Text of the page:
Is it possible for Brown to upgrade its research, its medical school, and its graduate school—as called for in the Plan for Academic Enrichment—without diluting the excellence of its undergraduate college?
Any questions about whether the administration’s focus would come at the expense of the undergraduate college were partially answered this summer when President Simmons chose Professor of Anthropology David Kertzer ’69 to become the University’s tenth provost. “One of the things I’m planning to do,” Kertzer says, “is to pay major attention to the undergraduate college.”
This is possible, Kertzer emphasizes, precisely because Robert Zimmer, who left the provost job this summer to become president of the University of Chicago, dealt so successfully with research and the graduate schools. “I don’t want people to think that now the pendulum has swung and we’ve got someone from old Brown who understands the old days of the College.”
So, what, specifically, will Kertzer do? It’s time to look again at the Brown curriculum, he says: “It does seem a little odd that we should still be thinking of the undergraduate college in terms of the ‘New’ Curriculum, even though it is more than a third of a century old.” It’s time to give it another look, he says, “not because of any weakness, but because we want to build on its strength. We’re not the Brown we were thirty-five years ago.”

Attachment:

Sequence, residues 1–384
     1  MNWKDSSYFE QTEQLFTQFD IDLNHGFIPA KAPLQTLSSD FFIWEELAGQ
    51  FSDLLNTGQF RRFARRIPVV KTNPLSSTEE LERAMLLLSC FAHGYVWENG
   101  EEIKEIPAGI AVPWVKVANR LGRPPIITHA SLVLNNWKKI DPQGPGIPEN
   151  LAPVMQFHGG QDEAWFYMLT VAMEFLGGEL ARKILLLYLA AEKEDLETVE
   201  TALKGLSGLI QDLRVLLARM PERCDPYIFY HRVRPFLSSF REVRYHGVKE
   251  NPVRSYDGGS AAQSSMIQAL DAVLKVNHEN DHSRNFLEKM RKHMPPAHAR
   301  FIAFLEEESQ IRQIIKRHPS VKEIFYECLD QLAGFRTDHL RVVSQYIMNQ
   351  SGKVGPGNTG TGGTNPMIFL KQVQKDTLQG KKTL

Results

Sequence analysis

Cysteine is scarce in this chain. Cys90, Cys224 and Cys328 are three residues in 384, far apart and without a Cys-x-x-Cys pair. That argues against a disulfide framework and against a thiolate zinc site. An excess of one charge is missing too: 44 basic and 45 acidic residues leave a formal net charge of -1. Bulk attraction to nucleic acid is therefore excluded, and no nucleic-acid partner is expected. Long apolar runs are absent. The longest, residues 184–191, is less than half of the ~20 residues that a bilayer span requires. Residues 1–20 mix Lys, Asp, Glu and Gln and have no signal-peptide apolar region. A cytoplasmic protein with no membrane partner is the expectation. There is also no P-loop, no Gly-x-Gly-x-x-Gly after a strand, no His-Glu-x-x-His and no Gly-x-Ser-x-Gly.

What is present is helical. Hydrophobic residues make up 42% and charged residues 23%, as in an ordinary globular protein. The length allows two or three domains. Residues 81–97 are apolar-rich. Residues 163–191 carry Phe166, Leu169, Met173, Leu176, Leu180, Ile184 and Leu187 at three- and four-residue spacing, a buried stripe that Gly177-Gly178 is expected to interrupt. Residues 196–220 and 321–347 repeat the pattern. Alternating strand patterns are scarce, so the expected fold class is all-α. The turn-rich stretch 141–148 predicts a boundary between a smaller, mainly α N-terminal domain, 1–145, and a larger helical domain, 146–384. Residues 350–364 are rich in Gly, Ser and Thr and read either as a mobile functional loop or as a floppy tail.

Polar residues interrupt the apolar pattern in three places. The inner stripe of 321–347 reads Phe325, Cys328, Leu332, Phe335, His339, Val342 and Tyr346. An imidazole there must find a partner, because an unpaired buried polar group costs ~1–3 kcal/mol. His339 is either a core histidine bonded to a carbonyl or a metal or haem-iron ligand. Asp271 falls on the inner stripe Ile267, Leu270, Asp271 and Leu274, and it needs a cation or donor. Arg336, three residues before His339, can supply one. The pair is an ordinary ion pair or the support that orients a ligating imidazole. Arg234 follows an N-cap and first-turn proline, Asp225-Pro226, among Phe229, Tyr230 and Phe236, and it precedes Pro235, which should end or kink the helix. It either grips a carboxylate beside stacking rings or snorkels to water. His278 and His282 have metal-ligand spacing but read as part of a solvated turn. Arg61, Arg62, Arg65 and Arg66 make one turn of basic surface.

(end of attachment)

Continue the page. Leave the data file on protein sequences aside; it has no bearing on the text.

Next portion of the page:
The advising of students, he says, needs to be improved, but even more than that, the undergraduate college needs to recognize that “students are becoming real citizens of the world, especially in terms of being familiar with world issues, world problems, and world cultures. So providing our students with a rich educational experience on world issues and bringing more and more of the world to Brown is going to play a very important role.”